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Friday, May 27, 2022
HomeNewsPoliticsKeystone XL Pipeline Senate Vote Fails, Further Dooming Mary Landrieu

Keystone XL Pipeline Senate Vote Fails, Further Dooming Mary Landrieu


Nearly thirds of Americans support the construction of the Keystone XL pipeline.

Democratic Sen. Mary Landrieu was scrambling to find one more senator in the run-up to a critical vote on the Keystone XL pipeline, but she’s failed. The still Democratic-controlled Senate voted down approval of the Keystone XL pipeline Tuesday night, further dooming her already scant political future.

Landrieu was forced into a Dec. 6 runoff against Republican Rep. Bill Cassidy, who PPD’s election projection model strongly favors to win, and she quickly moved to resurrect the House Keystone pipeline bill in a last-minute attempt to tout her her Washington clout. She ran a campaign that touted the benefits Louisiana voters would enjoy with her controlling the Senate Energy Committee, the best she can hope for now is holding the title of ranking Democrat.

Now, however, Cassidy, meanwhile is boasting a formal commitment from soon-to-be Majority Leader Mitch McConnell to give him a seat on the Energy Committee if he wins, which he now has an 89 percent of doing according to PPD’s model. Even though Landrieu slightly edged out Cassidy 42 – 41 percent, which was a difference of just over 16,000 votes, tea party candidate Rob Maness, who finished with 14 percent, has thrown his full support behind Cassidy now and is actively campaigning for him in more conservative precincts.

But digging a little deeper, she never had the voter support to win. Landrieu polled at just 20 percent of the white vote in PPD’s tracking survey and, according to exit polls, she only won 18 percent on Election Day. She would need 30 percent — at least — to overcome the 19 percent of white voters who backed Maness voting for Cassidy.

A source at the DSCC told PPD several weeks ago they would be pulling their money out of the Louisiana Senate race and bailing on Landrieu, and it now appears her members did, as well. fAt last count, 59 senators publicly voiced support for the bill, which was one short of the 60 needed to secure passage and send the legislation, for the first time, to President Obama’s desk. The vote failed 59 – 41.

Had the bill passed, it would have put enormous pressure on President Obama to sign the bill, which enjoys overwhelming support from the American people. House Speaker John Boehner, who already pushed the bill through the House, had some harsh words for the president ahead of the vote.

“A Keystone pipeline veto would send the signal that this president has no interest in listening to the American people,” Boehner said.”It would be the equivalent of calling the American people stupid.”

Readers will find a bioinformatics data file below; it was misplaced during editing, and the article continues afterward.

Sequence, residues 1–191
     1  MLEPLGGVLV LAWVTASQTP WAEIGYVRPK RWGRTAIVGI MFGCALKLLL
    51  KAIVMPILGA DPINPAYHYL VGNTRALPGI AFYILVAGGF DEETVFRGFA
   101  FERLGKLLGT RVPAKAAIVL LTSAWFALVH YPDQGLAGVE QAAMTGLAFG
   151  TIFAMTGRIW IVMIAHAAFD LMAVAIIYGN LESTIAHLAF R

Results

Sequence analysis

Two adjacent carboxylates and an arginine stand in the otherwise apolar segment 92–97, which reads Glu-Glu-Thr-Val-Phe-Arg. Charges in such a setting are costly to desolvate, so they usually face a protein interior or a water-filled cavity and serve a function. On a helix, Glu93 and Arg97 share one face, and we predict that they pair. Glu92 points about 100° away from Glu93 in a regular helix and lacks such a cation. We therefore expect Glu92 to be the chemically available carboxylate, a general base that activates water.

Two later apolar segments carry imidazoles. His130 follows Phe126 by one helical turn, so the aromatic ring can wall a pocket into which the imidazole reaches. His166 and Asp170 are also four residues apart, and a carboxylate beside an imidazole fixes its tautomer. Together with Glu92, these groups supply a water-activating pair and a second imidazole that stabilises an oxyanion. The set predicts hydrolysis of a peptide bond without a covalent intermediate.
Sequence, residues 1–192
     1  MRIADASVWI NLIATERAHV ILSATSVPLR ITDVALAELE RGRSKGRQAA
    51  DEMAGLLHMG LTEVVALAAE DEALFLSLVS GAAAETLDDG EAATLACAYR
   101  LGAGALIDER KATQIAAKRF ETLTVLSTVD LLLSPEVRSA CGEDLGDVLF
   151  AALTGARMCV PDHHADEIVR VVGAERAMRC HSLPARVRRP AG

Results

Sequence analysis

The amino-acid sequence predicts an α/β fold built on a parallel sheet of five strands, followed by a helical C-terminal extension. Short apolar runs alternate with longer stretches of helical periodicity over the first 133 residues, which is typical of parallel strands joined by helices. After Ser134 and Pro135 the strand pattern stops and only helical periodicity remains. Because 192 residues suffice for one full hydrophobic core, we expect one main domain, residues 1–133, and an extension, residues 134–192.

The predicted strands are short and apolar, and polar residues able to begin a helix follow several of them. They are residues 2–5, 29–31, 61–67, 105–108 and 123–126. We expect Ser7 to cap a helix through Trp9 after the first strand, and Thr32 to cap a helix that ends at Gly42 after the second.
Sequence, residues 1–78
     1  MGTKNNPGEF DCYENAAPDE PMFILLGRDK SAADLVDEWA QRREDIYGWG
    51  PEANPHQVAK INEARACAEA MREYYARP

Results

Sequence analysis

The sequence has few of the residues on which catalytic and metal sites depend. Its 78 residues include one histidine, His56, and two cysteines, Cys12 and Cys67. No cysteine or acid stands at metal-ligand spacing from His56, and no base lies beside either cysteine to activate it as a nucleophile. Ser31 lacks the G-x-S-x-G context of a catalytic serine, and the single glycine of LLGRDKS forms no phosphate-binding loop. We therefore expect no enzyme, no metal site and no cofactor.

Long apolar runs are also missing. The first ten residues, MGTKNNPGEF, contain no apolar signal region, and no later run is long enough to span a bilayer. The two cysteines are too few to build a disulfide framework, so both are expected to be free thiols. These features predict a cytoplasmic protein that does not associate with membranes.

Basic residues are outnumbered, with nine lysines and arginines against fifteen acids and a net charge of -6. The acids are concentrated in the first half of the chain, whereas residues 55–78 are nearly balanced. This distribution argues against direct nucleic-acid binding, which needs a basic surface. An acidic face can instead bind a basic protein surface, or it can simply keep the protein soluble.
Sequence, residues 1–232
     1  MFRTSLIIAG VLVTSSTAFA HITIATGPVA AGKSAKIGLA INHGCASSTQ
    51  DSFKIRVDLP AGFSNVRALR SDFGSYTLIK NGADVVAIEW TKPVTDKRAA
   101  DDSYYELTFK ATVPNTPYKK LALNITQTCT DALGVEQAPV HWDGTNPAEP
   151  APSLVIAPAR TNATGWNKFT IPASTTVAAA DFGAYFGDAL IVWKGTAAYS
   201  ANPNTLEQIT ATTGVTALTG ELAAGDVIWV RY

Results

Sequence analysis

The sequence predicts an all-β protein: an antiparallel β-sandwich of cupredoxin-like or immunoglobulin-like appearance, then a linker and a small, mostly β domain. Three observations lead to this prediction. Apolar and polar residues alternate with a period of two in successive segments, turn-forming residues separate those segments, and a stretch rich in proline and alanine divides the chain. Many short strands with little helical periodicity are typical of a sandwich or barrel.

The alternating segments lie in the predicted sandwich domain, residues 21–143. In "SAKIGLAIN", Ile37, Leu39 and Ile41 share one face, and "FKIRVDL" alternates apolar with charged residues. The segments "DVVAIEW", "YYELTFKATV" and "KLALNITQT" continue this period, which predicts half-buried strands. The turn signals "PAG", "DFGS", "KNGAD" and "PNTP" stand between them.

The proposed crude-oil pipeline, which would run 1,179 miles from the Canadian tar sands to Gulf coast refineries, has been the subject of a fierce struggle between environmentalists and energy advocates ever since Calgary-based TransCanada proposed it in 2008. The State Department has released multiple studies that not only found the project to be more environmentally friendly than if the pipeline wasn’t built.

The State Department said Canadian tar sands are likely to be developed regardless of whether or not the U.S. will be the benefactor of the pipeline, noting other options to get the oil from Canada to Gulf Coast refineries. Without the pipeline, the product may get to refineries by other means, including railroads, trucks and barges, which they claim would be even worse for climate change.

The president, despite the review from his own State Department, refused to approve the project. The president downplayed the economic benefit of approving the Keystone XL pipeline after caving to radical environmentalists, when he delayed the construction indefinitely. But a recent study found that a 485-mile stretch of the Keystone XL pipeline has been a huge economic boon for some two dozen poor Oklahoma and Texas counties, leading many economists to conclude the construction will pay greater-than-expected economic dividends.

Tom Steyer, a leftist California business man, promised that he would give $50 million of his own money and bundle $50 million more, which was used by many Democratic campaigns who promised to remain anti-Keystone XL. Dozens of Democratic senators are beholden to Mr. Steyer after taking said money, which is largely why the vote went down.

Written by
Staff Writing Group

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